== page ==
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Wake Forest
University Press

Wake Forest University Press

Dedicated to Irish Poetry

Wake: Up to Poetry

"The act of poetry is a rebel act."

Poetry in Pop Culture: “poems change people’s understanding of what’s going on in the world”

Who said the technological age is taking people further away from literature? Perhaps it is true that millennials are reading fewer tangible books and more electronic books, but according to an article by The Irish Times this past weekend, poetry is popping up in pop culture all over the place.

Maureen Kennelly, director of Poetry Ireland writes, “Whether in a book or on ‘Mad Men’, ‘Breaking Bad’ or ‘The Simpsons’, poems change people’s understanding of what’s going on in the world”. Kennelly notes, “it’s only a matter of time before Stuart Carolan, the writer of Love/Hate, references Paula Meehan or Austin Clarke”. (WFUP poet, Meehan, has recently gained more popularity as she develops her role as Ireland Professor of Poetry).

So what is it that has sparked the recent use of poetry in pop culture? I think the answer lies in the fact that verse appearing on screen is not new to our society. While certain platforms such as the 1989 movie Dead Poet’s Society highlight poetry directly, more subtle poetry references have appeared in television and movie scripts throughout the 20th and 21st centuries.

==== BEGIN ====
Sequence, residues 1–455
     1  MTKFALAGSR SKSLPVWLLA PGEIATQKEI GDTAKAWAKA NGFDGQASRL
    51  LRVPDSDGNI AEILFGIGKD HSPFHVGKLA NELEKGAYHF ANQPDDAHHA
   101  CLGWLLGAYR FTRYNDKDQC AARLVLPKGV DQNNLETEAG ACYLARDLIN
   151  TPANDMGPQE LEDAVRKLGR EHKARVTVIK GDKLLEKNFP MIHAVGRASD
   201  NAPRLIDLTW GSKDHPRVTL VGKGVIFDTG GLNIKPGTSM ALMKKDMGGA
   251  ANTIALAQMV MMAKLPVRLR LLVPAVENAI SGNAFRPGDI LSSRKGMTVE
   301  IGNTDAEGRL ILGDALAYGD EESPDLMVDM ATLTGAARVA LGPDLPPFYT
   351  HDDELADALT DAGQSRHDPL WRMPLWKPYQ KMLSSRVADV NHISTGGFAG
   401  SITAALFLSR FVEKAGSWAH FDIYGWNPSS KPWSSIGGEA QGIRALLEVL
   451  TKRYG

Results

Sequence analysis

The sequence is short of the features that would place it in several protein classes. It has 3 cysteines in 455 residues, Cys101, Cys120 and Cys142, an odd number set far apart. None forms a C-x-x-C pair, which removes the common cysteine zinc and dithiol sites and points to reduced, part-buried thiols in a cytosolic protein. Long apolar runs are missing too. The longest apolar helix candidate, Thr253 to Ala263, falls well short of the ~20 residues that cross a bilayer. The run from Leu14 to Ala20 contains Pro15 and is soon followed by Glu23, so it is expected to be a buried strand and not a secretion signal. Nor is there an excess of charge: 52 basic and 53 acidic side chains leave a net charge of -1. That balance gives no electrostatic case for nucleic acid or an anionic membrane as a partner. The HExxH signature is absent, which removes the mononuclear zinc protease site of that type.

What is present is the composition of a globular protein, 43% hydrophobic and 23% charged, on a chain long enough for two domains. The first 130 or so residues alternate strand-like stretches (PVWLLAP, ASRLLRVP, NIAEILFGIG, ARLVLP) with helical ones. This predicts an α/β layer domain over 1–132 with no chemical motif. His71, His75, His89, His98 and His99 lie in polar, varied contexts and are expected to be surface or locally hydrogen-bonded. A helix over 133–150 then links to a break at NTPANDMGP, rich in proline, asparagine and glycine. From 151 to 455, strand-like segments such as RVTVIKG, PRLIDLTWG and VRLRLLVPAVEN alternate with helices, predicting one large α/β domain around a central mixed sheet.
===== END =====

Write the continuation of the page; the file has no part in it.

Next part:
It is no secret that poetry often carries an emotional weight unmatched by prose. So, when your favorite fictional character spouts off well-known lyrics, there is an added dimension, making that moment just a bit more dramatic and by extension, quotable. And voilà-Twitter explodes with the newly uncovered words of Robert Frost or Frank O’Hara, just because Don Draper said them.

Other frequently quoted poets in American TV are Walt Whitman, Emily Dickinson and William Blake.

In recent years, poetry has also been featured in TV advertising campaigns. In 2009, McDonald’s launched an ad in the UK in which actor David Morrissey’s poetic recitation is dubbed over snapshots of families, children, an elderly persons as they commune over fast food. The ad’s poem was written by Tony Malcom and Guy Moore, and contains lines “And the Gothy types/and scoffy types/and like-their-coffee-frothy types/were just passing by” to quote a few. In spite of the cheesy, sing-song lyrics, the result was emotional and evocative, particularly in light of the negative press McDonald’s often stirs ups.

[youtube http://www.youtube.com/watch?v=ibYZ-Ey0EqA]

(For an alternative (cheekier) version of the ad click here).

“Verse has always been used in adverts – memorable language and the expectancy of rhyme are powerful – but it has to be used respectfully” says poet Roger McGough.

Regardless, if featuring poetry in movies, television and ad campaigns is making poetry more accessible to prospective readers, I think that is one step in the right direction. So keep an ear out, because who knows when you might hear Eiléan Ní Chuilleanáin’s or Conor O’Callaghan’s words roll off your favorite star’s tongue.

Just for fun: The Favorite Poets of Pop Culture Characters 

Posted by Nicole

Categories: Arts and CultureTags: , , , , , , , , , , , , , , , , ,


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